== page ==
Frances is one of my most favorite people in the world. She always tells it like it is, because that’s the way it is and there’s no other way to tell it. She’s the best. But then I interrupted her to say that she should teach me Polish, or better, Yiddish, not that she’s Jewish (but maybe she is). She knows my mother, grandmother and great-grandmother are Jewish. She ran and got this book for me. One of my spies tells me that she actually got it for me a long time ago, but, instead of giving it to me, read it herself first since it seems that it’s quite humorous. And then she had to tell me that I’m getting famous as a donkey-priest. A common friend just published this children’s book which features three priests, her Pastor, dressed in cassock, then the Vicar for Education for the Diocese, dressed in Cassock, and then me, not dressed in anything…
Well, I’m dressed in a cross on my back. The donkey is named George in the book. Donkey’s are symbols of Israel as seen in literature of surrounding nations since time immemorial, way back into Old Testament times. Donkey’s give rides to the children of Israel, and specifically, in New Testament times, to Mary with baby Jesus, and then Jesus alone…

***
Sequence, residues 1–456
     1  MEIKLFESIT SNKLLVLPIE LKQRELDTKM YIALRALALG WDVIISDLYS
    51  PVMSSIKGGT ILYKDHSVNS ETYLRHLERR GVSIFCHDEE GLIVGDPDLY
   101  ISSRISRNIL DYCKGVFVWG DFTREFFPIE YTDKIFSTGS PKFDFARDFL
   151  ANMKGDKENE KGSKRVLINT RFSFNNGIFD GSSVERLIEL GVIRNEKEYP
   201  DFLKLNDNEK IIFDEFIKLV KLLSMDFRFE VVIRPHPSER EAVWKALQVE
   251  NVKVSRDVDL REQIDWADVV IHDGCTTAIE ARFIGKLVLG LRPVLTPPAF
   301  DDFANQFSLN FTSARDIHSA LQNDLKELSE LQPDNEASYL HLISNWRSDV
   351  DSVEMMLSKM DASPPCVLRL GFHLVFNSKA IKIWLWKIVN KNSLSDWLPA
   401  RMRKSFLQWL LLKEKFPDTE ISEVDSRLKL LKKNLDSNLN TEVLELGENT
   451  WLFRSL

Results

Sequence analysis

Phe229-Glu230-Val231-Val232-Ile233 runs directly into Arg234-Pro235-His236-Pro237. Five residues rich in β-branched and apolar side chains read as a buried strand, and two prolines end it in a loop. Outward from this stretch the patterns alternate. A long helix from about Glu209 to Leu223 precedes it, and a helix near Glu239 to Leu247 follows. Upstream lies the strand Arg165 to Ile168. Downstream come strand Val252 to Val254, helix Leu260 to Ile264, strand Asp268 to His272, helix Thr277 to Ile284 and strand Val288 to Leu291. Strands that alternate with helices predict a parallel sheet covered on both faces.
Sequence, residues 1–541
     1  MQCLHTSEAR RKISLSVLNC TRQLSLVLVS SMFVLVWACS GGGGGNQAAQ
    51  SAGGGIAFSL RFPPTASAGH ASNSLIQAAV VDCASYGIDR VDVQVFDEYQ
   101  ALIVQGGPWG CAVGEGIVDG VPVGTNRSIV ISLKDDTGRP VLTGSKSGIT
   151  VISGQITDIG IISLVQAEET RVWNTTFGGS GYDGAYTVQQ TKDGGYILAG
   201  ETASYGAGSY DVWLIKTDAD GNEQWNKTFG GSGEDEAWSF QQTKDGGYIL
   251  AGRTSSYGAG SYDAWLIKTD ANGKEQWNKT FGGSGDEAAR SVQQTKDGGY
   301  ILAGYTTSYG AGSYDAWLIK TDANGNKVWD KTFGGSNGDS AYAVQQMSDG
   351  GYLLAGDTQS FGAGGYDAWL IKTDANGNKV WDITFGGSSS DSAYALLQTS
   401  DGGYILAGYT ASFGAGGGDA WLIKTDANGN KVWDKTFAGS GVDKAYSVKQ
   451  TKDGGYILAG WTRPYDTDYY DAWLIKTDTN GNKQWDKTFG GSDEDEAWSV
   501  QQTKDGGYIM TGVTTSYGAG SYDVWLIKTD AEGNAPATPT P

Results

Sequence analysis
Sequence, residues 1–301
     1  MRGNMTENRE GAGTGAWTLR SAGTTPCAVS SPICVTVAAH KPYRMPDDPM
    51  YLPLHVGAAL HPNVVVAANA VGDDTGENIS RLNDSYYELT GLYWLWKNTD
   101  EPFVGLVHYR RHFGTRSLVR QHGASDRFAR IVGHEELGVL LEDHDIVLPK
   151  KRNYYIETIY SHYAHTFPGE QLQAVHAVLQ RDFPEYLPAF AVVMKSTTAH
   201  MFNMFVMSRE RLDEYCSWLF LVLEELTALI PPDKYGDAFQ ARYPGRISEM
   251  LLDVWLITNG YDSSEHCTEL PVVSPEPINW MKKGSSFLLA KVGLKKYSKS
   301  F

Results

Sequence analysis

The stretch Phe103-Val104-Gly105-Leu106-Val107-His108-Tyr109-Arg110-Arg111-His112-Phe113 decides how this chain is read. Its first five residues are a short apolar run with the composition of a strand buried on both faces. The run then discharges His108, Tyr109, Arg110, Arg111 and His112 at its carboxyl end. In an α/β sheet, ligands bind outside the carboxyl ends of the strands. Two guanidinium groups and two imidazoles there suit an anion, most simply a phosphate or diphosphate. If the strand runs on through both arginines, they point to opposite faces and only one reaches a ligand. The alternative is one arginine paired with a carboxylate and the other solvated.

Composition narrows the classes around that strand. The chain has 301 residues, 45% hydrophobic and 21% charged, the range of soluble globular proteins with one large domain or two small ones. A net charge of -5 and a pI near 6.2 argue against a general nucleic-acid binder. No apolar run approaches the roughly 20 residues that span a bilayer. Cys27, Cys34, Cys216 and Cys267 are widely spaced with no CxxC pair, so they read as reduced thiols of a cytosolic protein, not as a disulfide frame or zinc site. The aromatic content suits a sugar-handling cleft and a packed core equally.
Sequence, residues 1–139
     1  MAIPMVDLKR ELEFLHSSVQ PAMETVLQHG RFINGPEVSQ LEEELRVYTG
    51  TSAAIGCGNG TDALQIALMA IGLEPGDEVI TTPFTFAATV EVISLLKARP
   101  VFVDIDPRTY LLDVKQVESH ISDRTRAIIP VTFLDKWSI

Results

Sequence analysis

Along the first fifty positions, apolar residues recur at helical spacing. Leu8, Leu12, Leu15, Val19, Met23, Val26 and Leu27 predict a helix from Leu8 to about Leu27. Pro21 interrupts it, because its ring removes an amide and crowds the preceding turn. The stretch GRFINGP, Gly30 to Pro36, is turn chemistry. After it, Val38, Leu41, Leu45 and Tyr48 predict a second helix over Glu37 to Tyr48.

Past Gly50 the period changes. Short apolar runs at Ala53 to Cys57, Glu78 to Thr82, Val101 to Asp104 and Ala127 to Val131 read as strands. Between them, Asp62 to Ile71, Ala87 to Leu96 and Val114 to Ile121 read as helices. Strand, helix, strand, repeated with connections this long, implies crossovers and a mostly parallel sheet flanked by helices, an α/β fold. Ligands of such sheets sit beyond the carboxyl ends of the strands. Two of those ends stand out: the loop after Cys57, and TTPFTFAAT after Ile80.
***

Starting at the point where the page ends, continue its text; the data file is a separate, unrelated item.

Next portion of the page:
Donkey’s are always with the Holy Family. Going to Bethlehem, at the Crib, down to Egypt and back, bringing Jesus into Jerusalem on Palm Sunday to be crucified… Jesus is the first born – as Saint Paul puts it – of the children of Israel. G.K. Chesterton puts it well:
When fishes flew and forests walked
And figs grew upon thorn,
Some moment when the moon was blood
Then surely I was born.
With monstrous head and sickening cry
And ears like errant wings,
The devil’s walking parody
On all four-footed things.
The tattered outlaw of the earth,
Of ancient crooked will;
Starve, scourge, deride me: I am dumb,
I keep my secret still.
Fools! For I also had my hour;
One far fierce hour and sweet:
There was a shout about my ears,
And palms before my feet.